By: Kiel Watson, Student Life Editor

One of the disadvantages to living in a metropolitan area is that when you go outside at night and look up at the sky, there isn’t much there to see. That wasn’t the case for those who ventured out last weekend to the Island Lake Recreation Area in Brighton for Astronomy at the Beach 2017. Amateurs and professionals set up telescopes along the beach and grass to give the public a chance to view a dazzling array of images from our solar system and beyond, and witness experiments set up by sponsors. The largest of the telescopes had to be towed to the site, and was able to offer a clear view of the Hercules Globular Cluster, whose light traveled for approximately 22,000 years to reach the eyes of those that stood in line to look.

The University of Michigan-Dearborn was one of several organizations that had tables set up indoors where it was easier to see. The table was helmed by Dr. Carrie Swift, who was there to share information about the university’s astronomy program, undergraduate education and research. When asked about the school’s involvement in the event, Dr. Swift said, “The UM-Dearborn Observatory participates in Astronomy at the Beach to publicize all aspects of the the University’s Astronomy program – public outreach, undergraduate education and research.” She added that the university also provides information about UM-Dearborn to prospective students, and update alumni about what’s new on campus. “We also participate to support the efforts of local amateur astronomers,” she said,” who have always been supportive of our outreach events.”

The key speaker for the night was astronomer and University of Michigan alumnus Dan Durda. His main research focus and area of interest lie not in planets and stars, but on the asteroids and comets that join planet earth in its journey around the sun. During his talk he described some of the ways impact craters are studied and analysis of the craters left  by nuclear weapons tests. Given the fact that those tests no longer happen, to simulate an extinction level asteroid impact in the field for a National Geographic television special Durda used around 5,000 pounds of explosives. “We made a crater 55 feet wide and 12 feet deep,” said Durda, “If you bury the explosive charge at just the right depth, it simulates the point in the ground from where an impacting projectile will spread most of its energy out.”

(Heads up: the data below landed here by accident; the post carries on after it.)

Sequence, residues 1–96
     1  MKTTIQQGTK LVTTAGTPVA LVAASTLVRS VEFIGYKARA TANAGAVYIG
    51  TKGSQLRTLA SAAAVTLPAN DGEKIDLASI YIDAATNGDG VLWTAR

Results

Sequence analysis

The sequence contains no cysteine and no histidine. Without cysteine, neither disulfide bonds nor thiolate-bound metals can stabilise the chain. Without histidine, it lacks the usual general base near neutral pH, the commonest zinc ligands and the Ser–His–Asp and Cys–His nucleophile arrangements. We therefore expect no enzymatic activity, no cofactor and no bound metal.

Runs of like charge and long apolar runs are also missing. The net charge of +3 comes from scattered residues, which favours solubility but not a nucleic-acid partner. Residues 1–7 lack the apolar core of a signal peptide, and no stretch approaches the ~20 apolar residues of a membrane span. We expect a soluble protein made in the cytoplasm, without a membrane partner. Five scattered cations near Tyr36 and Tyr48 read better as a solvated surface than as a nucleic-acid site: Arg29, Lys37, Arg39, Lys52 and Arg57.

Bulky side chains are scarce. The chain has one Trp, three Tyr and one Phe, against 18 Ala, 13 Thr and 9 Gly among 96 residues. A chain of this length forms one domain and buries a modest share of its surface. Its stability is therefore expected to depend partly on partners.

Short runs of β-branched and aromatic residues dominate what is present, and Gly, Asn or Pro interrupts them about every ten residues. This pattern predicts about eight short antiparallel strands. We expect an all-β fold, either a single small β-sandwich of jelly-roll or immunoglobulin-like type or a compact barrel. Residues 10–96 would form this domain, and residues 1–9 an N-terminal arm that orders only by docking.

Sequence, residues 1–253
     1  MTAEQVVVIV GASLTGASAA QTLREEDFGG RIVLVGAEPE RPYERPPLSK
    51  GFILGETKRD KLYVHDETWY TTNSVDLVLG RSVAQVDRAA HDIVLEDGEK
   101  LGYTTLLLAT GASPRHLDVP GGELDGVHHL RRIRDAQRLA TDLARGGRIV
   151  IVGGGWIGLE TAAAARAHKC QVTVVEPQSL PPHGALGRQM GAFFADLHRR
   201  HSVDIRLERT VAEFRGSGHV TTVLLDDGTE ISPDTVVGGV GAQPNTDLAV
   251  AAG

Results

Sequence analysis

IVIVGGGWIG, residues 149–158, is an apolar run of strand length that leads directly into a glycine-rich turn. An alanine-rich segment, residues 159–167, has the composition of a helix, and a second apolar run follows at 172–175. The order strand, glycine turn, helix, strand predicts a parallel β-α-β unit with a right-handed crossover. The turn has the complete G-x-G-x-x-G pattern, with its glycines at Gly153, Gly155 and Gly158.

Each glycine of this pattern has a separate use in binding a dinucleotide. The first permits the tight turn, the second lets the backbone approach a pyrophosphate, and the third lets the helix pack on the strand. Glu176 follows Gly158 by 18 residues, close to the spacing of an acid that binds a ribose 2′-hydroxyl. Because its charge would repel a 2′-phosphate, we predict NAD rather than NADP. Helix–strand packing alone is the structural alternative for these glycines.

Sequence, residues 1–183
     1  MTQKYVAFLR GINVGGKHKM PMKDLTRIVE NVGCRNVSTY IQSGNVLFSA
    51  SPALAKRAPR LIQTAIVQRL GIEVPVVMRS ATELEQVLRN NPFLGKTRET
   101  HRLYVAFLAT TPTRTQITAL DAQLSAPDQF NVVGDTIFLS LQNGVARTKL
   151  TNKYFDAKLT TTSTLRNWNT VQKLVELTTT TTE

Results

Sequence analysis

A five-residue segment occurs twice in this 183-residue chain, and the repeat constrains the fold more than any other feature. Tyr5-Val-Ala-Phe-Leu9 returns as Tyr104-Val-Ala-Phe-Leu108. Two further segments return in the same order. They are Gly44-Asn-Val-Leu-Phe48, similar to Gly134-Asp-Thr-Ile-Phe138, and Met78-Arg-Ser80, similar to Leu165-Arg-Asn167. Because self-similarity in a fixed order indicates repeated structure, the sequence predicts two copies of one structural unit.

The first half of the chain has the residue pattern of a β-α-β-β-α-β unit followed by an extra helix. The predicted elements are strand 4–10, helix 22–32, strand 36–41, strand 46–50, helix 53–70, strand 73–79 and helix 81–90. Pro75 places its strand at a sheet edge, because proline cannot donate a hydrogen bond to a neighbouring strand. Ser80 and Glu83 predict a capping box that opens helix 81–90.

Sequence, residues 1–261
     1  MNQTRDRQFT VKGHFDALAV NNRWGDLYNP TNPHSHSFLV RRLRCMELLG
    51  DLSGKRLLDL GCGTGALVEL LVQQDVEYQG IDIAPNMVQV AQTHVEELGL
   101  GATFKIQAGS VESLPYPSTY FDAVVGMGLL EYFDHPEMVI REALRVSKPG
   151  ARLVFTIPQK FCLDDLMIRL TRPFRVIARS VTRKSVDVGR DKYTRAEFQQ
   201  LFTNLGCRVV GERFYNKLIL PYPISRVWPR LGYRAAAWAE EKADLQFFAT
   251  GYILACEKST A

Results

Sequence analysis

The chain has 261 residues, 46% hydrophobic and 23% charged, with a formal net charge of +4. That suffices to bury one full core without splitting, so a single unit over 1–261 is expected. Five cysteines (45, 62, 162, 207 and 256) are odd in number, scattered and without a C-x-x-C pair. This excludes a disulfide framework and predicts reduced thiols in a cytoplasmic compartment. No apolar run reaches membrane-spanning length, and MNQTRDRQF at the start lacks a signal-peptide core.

While the late night beach event happens for one weekend only, the observatory on the third floor of the Science Learning and Research Center hosts public observation nights on Wednesdays. For those that would prefer a different perspective of the stars, the Hammond Planetarium, located next door at Henry Ford College (HFC), offers a weekly show titled ‘The Road Not Taken: A Fall Star Talk.’

The two free  public programs are operated by the Dearborn Astronomy Group, a team of professors, lecturers and researchers from U of M Dearborn and HFC. Both the observatory at U of M Dearborn and the Hammond Planetarium  are relatively recent additions to the Dearborn college landscape. The SLRC building was dedicated in October 2006, with the 12.5 ft diameter dome containing the telescope perched on the roof of the third floor. The telescope itself  was built by  DFM Engineering, Inc., at a cost of $98,000.

The planetarium was dedicated in the spring of 2012 after a generous bequeathment by decorated WWII veteran Guy Hammond upon his death in 2010. The endowment helped the Science Education Center on the HFC campus in addition to the Hammond Planetarium, giving students at both Institutions a cutting edge glimpse into the universe.